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Continue development projects; no need extending presidential terms – Lecturer

March 6, 2018, 2:17 p.m.

A Political Science Lecturer at the University of Ghana, Dr. Aggrey Darko, has argued against calls for an extension of Ghana’s presidential term limits

According to him, a longer tenure in office might give persons in power a sense of entitlement which could translate into the inappropriate use of presidential authority.His comments come on the back of calls from former President Jerry John Rawlings for a five-year term instead of four, for the country’s Heads of State.

According to him, in most four-year terms, the first year is used in getting acclimatized to the office, and the last year turns into a political crusade of campaigns, leaving about a year or less depending on the political climate.

Speaking at a meeting with a delegation of Ugandan Members of Parliament on Thursday, Mr. Rawlings said five-year terms allow for a greater chance of achieving the President’s desired development agenda.

“Much as we belong to different geopolitical circumstances on the continent, I suggest that we shouldn’t be going beyond two five-year terms,” he said.

However in an interview with Citi News, Dr. Aggrey Darko, while admitting that four years might not be enough to completely address all the challenges that exist, insisted that increasing term limits is not the right way to go.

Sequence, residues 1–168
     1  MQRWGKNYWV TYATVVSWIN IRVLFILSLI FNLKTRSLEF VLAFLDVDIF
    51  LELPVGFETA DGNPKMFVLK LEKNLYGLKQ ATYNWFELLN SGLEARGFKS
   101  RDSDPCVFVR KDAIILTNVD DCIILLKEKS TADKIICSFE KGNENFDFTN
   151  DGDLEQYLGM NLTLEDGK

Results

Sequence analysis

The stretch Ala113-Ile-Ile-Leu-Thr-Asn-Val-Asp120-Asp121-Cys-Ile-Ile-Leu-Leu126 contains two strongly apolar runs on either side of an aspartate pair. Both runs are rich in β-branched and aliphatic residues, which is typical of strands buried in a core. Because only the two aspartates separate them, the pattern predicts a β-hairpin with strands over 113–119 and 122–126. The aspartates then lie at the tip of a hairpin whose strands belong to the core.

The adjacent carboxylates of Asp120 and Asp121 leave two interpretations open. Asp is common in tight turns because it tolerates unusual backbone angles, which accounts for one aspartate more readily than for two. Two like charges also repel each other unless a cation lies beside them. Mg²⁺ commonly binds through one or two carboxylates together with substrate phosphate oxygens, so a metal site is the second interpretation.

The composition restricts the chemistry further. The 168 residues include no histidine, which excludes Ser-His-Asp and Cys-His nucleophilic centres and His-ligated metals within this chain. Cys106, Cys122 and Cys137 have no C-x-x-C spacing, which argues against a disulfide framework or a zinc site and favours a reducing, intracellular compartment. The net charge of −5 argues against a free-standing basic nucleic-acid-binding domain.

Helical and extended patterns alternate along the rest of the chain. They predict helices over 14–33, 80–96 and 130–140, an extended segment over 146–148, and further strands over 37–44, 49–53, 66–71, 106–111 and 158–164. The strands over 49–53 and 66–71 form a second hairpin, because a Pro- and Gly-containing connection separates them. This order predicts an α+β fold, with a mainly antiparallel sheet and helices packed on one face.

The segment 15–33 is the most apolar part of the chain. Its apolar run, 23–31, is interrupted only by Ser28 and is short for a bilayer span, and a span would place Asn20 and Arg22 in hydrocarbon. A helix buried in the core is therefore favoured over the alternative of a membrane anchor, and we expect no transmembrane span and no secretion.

He argued that government will always have unfinished projects no matter how long they stay in power.

“I concede that four years is quite short. It gives the President less breathing space to be able to deal with the fundamental problems of society.”

“With a very long tenure, it will be too much to endure a bad President. It becomes a burden to live under a bad government. It also provides an avenue for people to think that the state belongs to them. There is the tendency for the use of power capriciously and whimsically.”

He stated that it is more important for new governments to continue projects started by their predecessors.

“The key thing and why I would disagree with the former President is that there will always be unfinished business. So it is important for us to task our President to, as much as practicable, continue projects started by previous administrations so that we can derive the maximum benefits from them. We can have seven, eight or ten years but there’ll still be unfinished business. What is important is to what extent are we holding our leaders accountable?” he queried.

Rawlings is not the first former President to make such a suggestion.

John Agyekum Kufuor has consistently called for an extension of the tenure of presidents, saying the framers of the 1992 constitution may have overlooked the fact that a four-year presidency is not enough for effective development.

According to him, the constraints of leading a developing nation like Ghana require more than four years to make any meaningful impact in terms of development.

Just before he ended his tenure in 2008, Mr. Kufuor suggested that the presidential term should be increased to five years. But speaking two years ago, he indicated that a six-year term would even be preferable.